Home Classifieds Work For Us Rack Locations Order Photos Contact Us Advertising Info Featured Advertisers

Click here to read
the latest issue

Browse Sections:

News
Forever Young
Classifieds
Community
Advertisers
Election
Rants & Raves
Sports
Crime Report
Opinion
Calendar of Events
Entertainment
Dining Guide
Special Section Publications
Business & Finance
Business Columns
Star Scopes
Computer/Technology
Cooking/Food
Counseling/Advice
Family Issues
Fishing
Gardening
Travel
Golf
Pets
Religion
Columnist Archives
Crossword Puzzle
Jail Court Live Web Cams

Weather Cams:

Now browsing: Hometown News > News > Indian River County

Water maintenance to start next week
Rating: 2.19 / 5 (42 votes)  
Posted: 2012 Aug 10 - 00:45

By Jessica Tuggle

jtuggle@hometownnewsol.com

VERO BEACH - Water customers on Vero Beach may have a slightly different taste in their mouths for the next month.

Routine maintenance on the city's water treatment plant will run from Aug. 12 through Sept 15 and it will include changing the type of disinfectant used for the system, water and sewer officials said.

John Ten Eyck, assistant water and sewer director for Vero Beach, said the normal disinfectant, chlorine mixed with ammonia, also known as chloramines, will be replaced for the next month with free chlorine.

The chloramines have a longer lasting bacteria-fighting power, even though they are a slightly weaker chemical, Mr. Ten Eyck said.

The free chlorine dissipates faster but is a stronger chemical and will ensure water customers are receiving extra protection against bacteria in the water, he said.

"With our long distribution system and a seasonal population, it benefits us to use chloramines. About two times a year we switch to the stronger disinfectant for a while to kill any extra bacteria," Mr. Ten Eyck said.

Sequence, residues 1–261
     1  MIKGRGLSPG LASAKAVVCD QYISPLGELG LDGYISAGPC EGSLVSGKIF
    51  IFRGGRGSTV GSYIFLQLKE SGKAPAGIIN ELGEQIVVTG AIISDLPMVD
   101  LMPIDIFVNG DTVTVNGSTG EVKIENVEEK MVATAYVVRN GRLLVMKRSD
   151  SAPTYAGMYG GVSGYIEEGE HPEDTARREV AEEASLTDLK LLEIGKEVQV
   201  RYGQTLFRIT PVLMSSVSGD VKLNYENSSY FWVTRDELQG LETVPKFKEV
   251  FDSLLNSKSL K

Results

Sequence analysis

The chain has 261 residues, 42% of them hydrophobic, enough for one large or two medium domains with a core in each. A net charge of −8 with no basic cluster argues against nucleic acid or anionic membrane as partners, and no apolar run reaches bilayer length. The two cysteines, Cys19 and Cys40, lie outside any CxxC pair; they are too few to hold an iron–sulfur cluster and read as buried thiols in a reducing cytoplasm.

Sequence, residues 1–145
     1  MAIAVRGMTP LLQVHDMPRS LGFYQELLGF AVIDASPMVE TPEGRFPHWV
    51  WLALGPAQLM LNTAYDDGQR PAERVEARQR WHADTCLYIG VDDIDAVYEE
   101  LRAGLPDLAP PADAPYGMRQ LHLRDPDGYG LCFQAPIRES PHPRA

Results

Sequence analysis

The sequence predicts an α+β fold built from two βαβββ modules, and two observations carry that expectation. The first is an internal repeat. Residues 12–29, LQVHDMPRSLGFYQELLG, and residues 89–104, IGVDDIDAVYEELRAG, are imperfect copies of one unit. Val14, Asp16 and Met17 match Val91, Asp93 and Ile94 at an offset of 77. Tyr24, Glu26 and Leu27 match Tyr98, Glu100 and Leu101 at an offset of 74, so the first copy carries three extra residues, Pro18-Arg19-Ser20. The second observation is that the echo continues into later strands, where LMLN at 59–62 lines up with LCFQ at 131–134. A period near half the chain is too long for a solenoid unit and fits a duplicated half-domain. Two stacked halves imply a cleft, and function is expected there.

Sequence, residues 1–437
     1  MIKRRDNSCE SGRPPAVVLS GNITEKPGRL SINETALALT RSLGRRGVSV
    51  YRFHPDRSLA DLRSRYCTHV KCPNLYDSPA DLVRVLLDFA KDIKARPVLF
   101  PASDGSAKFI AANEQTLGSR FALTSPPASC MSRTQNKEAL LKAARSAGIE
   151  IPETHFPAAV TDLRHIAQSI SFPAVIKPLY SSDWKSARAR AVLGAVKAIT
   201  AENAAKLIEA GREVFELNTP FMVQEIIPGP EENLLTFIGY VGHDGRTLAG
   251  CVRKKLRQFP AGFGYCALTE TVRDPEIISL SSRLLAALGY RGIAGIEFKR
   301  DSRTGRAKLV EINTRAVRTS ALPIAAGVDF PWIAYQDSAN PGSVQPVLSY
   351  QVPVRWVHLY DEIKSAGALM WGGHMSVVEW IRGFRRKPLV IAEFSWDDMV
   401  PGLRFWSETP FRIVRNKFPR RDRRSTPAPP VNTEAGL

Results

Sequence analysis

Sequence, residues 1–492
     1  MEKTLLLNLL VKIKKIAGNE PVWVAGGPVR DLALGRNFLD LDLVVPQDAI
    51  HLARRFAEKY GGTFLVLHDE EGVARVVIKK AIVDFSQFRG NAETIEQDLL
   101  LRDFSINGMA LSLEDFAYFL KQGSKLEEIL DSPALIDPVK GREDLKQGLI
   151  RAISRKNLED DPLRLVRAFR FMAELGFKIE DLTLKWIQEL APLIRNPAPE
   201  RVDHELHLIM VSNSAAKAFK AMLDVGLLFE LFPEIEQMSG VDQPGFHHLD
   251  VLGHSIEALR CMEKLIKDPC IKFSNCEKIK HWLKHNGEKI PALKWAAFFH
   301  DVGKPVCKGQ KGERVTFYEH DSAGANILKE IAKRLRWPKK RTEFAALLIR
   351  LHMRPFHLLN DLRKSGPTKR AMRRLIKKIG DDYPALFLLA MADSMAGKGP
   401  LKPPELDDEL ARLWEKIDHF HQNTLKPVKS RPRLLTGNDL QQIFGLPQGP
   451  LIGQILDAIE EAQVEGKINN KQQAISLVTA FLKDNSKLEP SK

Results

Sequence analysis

Some customers may taste a change, or even notice a different odor in their tap water in August and September, but the change in chemicals will not require customers to boil their water or purchase new water filters. The water is perfectly safe to consume, city staff said.

Individuals with tropical fish, or people and businesses that use kidney dialysis machines, may need to make adjustments to maintain the water quality necessary for those operations.

Letters and public notices have been sent to hospitals and dialysis centers to ensure that any organization with need for specialized water will have plenty of notice and can make changes if necessary, Mr. Ten Eyck said.

For more information, call (772) 978-5220 or visit www.covb.org.




Comments powered by Disqus
Can't see the comments?
Read more News stories from the Indian River County community newspaper...

Make this site your Homepage e-mail us

Legal Notices




Join our Mailing List:


Crossword Puzzle:

Archives Calendar:

« Aug, 2014 »
SunMonTueWedThuFriSat
1 2
3 4 5 6 7 8 9
10 11 12 13 14 15 16
17 18 19 20 21 22 23
24 25 26 27 28 29 30
31

Search Stories:




.